The Defense Ministry yesterday reacted positively to the U.S. pledge saying that it will retrieve all weapons given to the PKK Syrian affiliate Democratic Union Party's (PYD) People's Protection Units (PYD) militia once it defeats DAESH in Raqqa, Syria, but added that Turkey will closely monitor the process. The reaction came after U.S. Secretary of Defense James Mattis, in a recent letter to his Turkish counterpart, assured that all weapons in question will be recovered. Defense Minister Fikri Işık, calling it a positive sign, said that the implementation of the pledge would be crucial and that it is important to record the pledge in writing.
"The U.S. did not keep its promise in Manbij. It is a written pledge for us. I see the letter as a positive step, but implementing the promise is more essential," he said. Işık added that the letter sent to him was welcomed in Ankara.
"It is a significant letter in terms of the U.S. taking Turkey's sensitivities into consideration. We value it in this regard. Their attitude was different in the beginning. They have started to take Turkey's concerns into consideration," Işık said.
Underscoring that the U.S. can be successful if it really wants to retrieve weapons from the YPG, Işık said, adding that it would not be a move of goodwill to trip up Ankara.
"We will follow this if the U.S. says it will retrieve these weapons after its business is done with the Raqqa operation," he added.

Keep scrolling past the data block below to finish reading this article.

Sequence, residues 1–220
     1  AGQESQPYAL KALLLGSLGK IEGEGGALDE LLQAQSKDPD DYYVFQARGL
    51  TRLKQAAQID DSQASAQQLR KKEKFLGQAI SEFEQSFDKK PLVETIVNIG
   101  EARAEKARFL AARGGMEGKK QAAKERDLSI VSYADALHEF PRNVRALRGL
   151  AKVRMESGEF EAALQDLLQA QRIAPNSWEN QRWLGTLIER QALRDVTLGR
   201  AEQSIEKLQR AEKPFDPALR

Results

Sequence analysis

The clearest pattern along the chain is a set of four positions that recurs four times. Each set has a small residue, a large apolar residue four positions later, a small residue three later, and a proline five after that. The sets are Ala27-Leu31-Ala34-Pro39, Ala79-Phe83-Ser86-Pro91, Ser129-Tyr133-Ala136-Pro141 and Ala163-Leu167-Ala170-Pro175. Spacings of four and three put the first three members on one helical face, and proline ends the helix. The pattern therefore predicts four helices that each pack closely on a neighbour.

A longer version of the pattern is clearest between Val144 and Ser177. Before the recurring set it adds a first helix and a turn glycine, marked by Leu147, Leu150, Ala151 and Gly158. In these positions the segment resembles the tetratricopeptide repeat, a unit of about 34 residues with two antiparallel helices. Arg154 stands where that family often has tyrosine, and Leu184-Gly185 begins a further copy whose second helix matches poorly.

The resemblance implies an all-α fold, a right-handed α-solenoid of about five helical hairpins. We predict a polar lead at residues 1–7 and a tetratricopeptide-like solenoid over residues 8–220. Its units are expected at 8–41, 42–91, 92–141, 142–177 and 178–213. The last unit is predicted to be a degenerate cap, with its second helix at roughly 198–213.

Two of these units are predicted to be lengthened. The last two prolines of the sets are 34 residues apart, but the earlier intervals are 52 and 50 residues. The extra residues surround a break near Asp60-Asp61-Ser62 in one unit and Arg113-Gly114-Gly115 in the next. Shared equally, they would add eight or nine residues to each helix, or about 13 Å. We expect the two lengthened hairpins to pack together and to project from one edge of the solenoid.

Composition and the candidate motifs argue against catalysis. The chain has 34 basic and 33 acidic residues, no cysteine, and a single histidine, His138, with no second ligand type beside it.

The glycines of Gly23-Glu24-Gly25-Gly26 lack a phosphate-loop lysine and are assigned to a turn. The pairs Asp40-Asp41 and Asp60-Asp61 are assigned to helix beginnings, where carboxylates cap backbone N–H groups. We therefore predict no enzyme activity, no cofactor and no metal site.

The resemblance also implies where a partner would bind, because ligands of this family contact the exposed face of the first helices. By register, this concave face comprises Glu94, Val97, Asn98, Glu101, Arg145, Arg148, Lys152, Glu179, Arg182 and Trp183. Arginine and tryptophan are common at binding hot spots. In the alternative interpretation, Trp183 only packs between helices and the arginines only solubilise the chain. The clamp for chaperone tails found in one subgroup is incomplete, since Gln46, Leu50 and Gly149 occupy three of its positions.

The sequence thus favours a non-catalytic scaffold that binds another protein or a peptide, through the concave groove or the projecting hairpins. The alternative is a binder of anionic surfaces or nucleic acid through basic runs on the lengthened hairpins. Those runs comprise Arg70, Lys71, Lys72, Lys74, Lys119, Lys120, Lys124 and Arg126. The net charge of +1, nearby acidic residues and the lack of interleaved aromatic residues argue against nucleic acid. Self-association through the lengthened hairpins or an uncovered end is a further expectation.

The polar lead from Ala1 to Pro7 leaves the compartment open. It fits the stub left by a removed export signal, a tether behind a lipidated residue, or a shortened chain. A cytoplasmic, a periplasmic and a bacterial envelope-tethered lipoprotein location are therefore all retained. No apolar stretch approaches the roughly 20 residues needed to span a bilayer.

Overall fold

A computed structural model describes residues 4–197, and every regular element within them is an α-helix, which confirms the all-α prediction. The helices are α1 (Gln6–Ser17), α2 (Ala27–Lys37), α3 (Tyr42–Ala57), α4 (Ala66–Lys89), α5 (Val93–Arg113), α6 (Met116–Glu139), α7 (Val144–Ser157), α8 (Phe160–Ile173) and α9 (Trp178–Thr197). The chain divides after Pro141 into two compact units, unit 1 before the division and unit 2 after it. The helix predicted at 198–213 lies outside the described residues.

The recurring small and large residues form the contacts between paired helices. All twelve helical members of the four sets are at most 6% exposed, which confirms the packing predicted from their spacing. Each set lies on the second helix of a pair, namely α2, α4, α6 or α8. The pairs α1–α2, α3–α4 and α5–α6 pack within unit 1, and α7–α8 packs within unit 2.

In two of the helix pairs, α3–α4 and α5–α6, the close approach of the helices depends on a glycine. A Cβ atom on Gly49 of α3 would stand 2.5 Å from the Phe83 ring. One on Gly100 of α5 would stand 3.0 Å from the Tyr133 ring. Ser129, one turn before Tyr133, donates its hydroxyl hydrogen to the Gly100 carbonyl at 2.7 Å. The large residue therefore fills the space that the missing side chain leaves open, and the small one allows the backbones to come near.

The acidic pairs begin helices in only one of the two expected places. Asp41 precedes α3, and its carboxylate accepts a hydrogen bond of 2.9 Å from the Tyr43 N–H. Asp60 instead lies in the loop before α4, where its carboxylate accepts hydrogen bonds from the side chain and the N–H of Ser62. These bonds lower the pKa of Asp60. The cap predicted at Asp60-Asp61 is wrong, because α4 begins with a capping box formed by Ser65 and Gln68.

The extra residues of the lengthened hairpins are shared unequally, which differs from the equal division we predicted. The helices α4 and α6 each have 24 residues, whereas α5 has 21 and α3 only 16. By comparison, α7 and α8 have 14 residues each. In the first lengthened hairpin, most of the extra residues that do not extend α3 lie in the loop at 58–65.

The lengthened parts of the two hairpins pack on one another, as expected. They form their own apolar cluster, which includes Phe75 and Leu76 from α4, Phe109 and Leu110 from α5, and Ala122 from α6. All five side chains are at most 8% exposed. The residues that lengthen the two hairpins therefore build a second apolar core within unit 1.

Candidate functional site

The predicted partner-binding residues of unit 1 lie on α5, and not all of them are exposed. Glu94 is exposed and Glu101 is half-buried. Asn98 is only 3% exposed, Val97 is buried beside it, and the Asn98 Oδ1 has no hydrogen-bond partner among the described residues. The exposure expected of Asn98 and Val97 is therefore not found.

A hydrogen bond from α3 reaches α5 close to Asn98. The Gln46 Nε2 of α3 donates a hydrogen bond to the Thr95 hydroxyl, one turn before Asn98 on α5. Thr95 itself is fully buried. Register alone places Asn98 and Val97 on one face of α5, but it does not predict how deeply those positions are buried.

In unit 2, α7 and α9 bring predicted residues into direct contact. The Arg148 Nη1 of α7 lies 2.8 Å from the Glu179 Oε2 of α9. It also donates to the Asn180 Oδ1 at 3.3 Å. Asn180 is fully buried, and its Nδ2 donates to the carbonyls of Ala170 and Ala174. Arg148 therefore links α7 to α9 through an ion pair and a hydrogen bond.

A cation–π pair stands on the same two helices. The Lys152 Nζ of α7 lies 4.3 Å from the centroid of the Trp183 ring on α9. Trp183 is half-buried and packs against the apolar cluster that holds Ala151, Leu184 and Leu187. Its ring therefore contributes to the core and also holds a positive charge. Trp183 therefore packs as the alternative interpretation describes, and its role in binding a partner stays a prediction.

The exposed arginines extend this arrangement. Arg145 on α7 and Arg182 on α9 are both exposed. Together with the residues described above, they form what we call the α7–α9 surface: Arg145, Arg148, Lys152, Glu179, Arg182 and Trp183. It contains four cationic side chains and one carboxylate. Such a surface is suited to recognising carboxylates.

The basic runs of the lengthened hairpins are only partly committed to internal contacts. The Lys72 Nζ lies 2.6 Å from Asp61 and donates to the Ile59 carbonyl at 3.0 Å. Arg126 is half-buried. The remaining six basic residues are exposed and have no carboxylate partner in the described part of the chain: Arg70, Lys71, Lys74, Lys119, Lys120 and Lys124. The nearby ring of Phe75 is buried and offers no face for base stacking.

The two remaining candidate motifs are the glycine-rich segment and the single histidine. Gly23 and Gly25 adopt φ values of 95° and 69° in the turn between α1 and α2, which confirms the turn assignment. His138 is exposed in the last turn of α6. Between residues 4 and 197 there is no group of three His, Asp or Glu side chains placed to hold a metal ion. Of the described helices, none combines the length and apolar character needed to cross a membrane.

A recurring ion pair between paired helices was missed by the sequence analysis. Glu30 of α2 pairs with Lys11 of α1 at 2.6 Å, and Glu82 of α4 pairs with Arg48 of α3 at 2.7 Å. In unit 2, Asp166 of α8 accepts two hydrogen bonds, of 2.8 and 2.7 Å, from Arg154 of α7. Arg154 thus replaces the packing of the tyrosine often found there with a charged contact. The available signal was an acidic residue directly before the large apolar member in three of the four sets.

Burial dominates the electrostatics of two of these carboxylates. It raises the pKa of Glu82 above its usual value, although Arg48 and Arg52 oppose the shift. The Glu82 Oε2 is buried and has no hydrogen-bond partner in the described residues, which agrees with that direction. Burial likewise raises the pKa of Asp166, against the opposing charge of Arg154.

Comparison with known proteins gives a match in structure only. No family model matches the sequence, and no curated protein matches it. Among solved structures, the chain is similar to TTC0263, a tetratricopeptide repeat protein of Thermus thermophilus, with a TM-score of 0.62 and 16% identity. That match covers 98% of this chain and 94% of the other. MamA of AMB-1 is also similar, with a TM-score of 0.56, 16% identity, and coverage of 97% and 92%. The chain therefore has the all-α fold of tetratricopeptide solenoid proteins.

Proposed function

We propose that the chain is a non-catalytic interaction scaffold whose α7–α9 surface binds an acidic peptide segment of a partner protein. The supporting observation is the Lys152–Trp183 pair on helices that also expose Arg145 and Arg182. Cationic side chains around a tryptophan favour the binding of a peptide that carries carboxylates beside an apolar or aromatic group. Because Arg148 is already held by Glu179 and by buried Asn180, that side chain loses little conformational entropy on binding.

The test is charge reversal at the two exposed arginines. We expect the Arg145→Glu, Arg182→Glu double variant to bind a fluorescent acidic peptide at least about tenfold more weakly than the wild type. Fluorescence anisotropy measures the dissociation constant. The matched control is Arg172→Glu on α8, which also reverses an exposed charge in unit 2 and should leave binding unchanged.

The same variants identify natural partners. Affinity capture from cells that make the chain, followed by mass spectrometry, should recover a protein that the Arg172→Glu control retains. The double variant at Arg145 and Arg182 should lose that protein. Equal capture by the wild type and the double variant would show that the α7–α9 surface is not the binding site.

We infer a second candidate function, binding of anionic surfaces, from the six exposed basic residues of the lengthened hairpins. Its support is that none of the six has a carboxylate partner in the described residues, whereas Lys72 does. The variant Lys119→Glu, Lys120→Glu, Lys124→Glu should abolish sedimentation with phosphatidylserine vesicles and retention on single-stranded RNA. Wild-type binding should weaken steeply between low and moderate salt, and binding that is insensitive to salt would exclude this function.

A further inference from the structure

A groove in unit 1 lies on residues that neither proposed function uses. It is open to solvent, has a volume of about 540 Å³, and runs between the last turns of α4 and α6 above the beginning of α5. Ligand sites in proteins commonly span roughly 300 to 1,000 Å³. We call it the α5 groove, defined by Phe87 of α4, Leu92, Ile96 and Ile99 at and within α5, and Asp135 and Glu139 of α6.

Işık said he has an upcoming meeting with Mattis next Wednesday. Explaining that he will discuss the issue at that meeting, he said that a joint mechanism to retrieve the weapons will be on the agenda.
Earlier last month, a Turkish official had told Daily Sabah that Turkey was seeking a written document on U.S. promises in Syria after repeated failures by the previous U.S. administration in keeping its word regarding the YPG. The recent letter appears to be a step in that direction.
ANY YPG THREAT TO BE ANSWERED
Işık also confirmed that any threat from the YPG would face retaliation from the Turkish military. "We said this to everyone including the U.S. It should be known that any hostile attitude by the terrorist group towards Turkey will be punished in the strongest terms," Işık said.
Reiterating that Turkey has every right to intervene anywhere its national security is threatened, Işık said Ankara reserves the right to destroy terrorist elements across the border.
Turkey considers the PYD and its YPG to be Syrian affiliates of the PKK, a proscribed terrorist organization according to the U.S., Turkey and the EU. The U.S. and EU do not share this opinion. Continuous U.S. support for the YPG has caused tensions in ties between Washington and Ankara. The U.S. says that supporting the YPG is the only option to defeat Daesh. Ankara, on the other hand, has said an alternative could be found with local Arab tribes, backed by countries in the region, instead of supporting "a terrorist group".